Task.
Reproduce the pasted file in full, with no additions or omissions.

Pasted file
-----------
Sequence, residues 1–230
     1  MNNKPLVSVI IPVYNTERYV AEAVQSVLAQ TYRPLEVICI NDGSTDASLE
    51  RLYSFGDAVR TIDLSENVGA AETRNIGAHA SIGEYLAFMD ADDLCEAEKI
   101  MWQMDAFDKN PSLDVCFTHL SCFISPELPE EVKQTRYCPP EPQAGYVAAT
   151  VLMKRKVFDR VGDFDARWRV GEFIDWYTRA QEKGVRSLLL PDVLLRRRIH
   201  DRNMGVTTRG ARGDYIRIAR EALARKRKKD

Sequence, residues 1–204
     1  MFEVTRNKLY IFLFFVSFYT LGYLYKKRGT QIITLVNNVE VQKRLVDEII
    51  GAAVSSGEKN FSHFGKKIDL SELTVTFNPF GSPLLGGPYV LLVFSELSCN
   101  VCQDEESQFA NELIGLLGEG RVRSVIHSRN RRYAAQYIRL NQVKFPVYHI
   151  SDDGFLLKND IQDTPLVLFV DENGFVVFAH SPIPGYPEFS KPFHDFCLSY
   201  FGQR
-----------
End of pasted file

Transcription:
Sequence, residues 1–230
     1  MNNKPLVSVI IPVYNTERYV AEAVQSVLAQ TYRPLEVICI NDGSTDASLE
    51  RLYSFGDAVR TIDLSENVGA AETRNIGAHA SIGEYLAFMD ADDLCEAEKI
   101  MWQMDAFDKN PSLDVCFTHL SCFISPELPE EVKQTRYCPP EPQAGYVAAT
   151  VLMKRKVFDR VGDFDARWRV GEFIDWYTRA QEKGVRSLLL PDVLLRRRIH
   201  DRNMGVTTRG ARGDYIRIAR EALARKRKKD

Sequence, residues 1–204
     1  MFEVTRNKLY IFLFFVSFYT LGYLYKKRGT QIITLVNNVE VQKRLVDEII
    51  GAAVSSGEKN FSHFGKKIDL SELTVTFNPF GSPLLGGPYV LLVFSELSCN
   101  VCQDEESQFA NELIGLLGEG RVRSVIHSRN RRYAAQYIRL NQVKFPVYHI
   151  SDDGFLLKND IQDTPLVLFV DENGFVVFAH SPIPGYPEFS KPFHDFCLSY
   201  FGQR